Proposed PILOT Changes Earn Praise, Condemnation

The PILOT law that helped stabilize Atlantic City’s financial situation is at the halfway point. The casinos want to take internet gaming and betting out of the picture because much of the revenue goes to third party operators. The bill now sits on the desk of Governor Phil Murphy (l.) who is expected sign it.

Proposed PILOT Changes Earn Praise, Condemnation

Set the way back machine for 2016. Atlantic City faced an abyss. Competition from Pennsylvania that began almost a decade earlier continued to hurt the resort’s gaming industry. The Taj Mahal folded, joining four other casino hotels that called it quits in 2014.

But what put the city on the precipice of a dark hole was the fate of property taxes. The casinos were—and still are—the largest taxpayers in town. The value of their properties was based on how much income they generated. As the fortunes of the industry went south, so did their property values. Gaming revenue hit a low point in 2015 at $2.6 billion, half of the high point in 2006.

“If income declines significantly, the value of the property declines significantly. Therefore, the property assessment declines significantly,” said Michael Busler, Professor of Finance at Stockton University.

Casinos filed tax appeals and won. Millions that the city was counting on in its budget was gone. The city’s financial stability wavered.

Instability was not a good look. The city didn’t like it. The casino industry didn’t like it. Lawmakers didn’t like it. Out of this situation came PILOT—payment in lieu of taxes. The legislature approved a plan in 2016 which laid out a 10-year program where the casinos would pay the city what amounted to a relatively fixed figure each year, so both the industry and the city knew what was coming in and budgeted accordingly.

And there would be no tax appeals.

When PILOT took effect in 2017, it consisted of fluctuating payments based on a formula that included gross gaming revenue, the number of hotel rooms and square footage. A second stream came from the investment alternative tax which used to go to the CRDA for investment purposes. IAT comprised a 1.25 percent tax on gross gaming revenue plus a 2.5 percent charge on internet gross gaming revenue.

In the five years since PILOT commenced, most of the seven casinos turned their fortunes around. Revenue grew 7.3 percent in 2017, 9.2 percent in 2018 and 19.5 percent in 2019. As the revenue grew, so did the taxes the casinos paid. Atlantic City’s financial picture improved.

Then came 2018. A pair of new casinos opened on the sites of two shuttered properties. Hard Rock Hotel & Casino Atlantic City opened at the former Taj Mahal and Ocean Casino Resort resurrected the former Revel.

The same year, a decision by the U.S. Supreme Court overturned the federal ban on sports betting in a case brought by New Jersey. While the ruling opened the door for sports wagering throughout the U.S., New Jersey jumped out first and reaped the rewards.

Then came 2020. The coronavirus pandemic swept through the world. In New Jersey the casinos shut down for almost four months and when they reopened, they faced capacity restrictions. Casino play tumbled 43.7 percent.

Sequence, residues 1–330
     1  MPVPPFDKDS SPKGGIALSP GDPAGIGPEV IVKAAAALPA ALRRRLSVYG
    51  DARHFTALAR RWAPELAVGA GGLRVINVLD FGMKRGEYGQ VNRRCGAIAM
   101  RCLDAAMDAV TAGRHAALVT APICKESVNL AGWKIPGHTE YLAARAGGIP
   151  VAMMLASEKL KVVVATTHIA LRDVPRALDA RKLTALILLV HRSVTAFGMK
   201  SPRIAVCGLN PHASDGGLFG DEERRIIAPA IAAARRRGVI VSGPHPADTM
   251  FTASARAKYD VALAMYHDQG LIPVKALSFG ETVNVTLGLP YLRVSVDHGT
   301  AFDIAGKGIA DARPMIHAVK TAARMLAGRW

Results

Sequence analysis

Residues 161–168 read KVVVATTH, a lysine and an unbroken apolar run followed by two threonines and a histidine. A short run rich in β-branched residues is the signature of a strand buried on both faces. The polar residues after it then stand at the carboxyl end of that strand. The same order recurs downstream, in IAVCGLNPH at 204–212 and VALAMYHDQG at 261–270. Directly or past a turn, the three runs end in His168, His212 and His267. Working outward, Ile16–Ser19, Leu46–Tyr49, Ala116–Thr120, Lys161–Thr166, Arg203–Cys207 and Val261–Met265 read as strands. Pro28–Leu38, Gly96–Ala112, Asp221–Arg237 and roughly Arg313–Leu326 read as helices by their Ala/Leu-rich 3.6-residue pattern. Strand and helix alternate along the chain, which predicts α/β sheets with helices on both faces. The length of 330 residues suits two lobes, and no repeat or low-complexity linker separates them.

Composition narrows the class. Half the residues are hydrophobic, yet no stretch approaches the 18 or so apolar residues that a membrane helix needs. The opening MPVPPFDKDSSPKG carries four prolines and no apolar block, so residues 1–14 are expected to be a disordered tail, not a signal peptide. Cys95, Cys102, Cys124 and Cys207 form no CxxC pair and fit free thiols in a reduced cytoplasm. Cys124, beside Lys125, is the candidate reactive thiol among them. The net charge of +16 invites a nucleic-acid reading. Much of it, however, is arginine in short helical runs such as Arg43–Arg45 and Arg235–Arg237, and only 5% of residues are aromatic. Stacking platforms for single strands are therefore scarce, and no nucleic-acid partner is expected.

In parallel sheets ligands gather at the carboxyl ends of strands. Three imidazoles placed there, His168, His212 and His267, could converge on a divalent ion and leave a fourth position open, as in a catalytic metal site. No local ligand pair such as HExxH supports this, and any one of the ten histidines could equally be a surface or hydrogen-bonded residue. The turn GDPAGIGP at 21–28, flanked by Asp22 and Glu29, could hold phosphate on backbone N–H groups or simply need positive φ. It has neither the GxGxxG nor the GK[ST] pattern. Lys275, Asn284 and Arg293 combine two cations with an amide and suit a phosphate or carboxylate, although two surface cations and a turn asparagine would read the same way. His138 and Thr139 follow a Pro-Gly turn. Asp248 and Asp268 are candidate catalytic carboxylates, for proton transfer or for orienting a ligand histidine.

But an odd thing happened as the virus spread. From the safety of home, bettors wagered on a variety of sports using their cell phones. They also gambled in internet casinos which have been available since 2013 in the state. The impact was so strong that overall gaming revenue in 2020 fell less than 17 percent when compared to 2019. Even more telling, the mobile streams of income did not fall off when casinos re-opened.

In 2021, casinos rebounded. Casino win through October grew 75 percent compared to 2020. Internet win rose 43.2 percent while sports betting jumped 128 percent. Through October, casino win of $2.1 billion came close to besting the $2.2 billion in pre-Covid 2019.

Casinos were back baby.

The gaming halls had to be pleased about the turnaround. They are not happy that the PILOT program derives some of its revenue with sports betting and iGaming in the calculations. The casinos allow sports books like DraftKings, FanDuel and a dozen other different brands to operate as a “skin” under their gaming license. The get a very small percentage of the revenue from those skins, less than 10 percent. And they also have to pay technology partners to provide them with platforms, data, pay processing, geolocation and other services for their sportsbooks and online casinos. So not much of the overall revenue actually goes to the operators, but the casinos paid property taxes on the full amount. The industry wanted to amend PILOT to eliminate the two internet streams.

“Amendments to the program were always envisioned,” Hard Rock President Joe Lupo said when asked why this wasn’t envisioned when the casinos signed the PILOT program five years ago. Last year, the casinos began discussions to amend the legislation to remove online revenue from the mix. Covid put those discussions on ice. “The legislation was written a year ago. We knew there had to be some changes to the allocations,” Lupo said

The state Senate and Assembly put two identical bills up for a vote. The state Senate voted 21 to 14 to approve the legislation. All Republicans voted no, according to the Press of Atlantic City. The Assembly voted around midnight to approve 46-19. The bill awaits a signature by Governor Phil Murphy. Assemblyman John Armato voted no even though he sponsored the original version of the amendments.

Armato said he was unable to get enough information from casinos about the need for the bill, particularly the names of the four casinos State Senator President Steve Sweeney has said would close without the bill.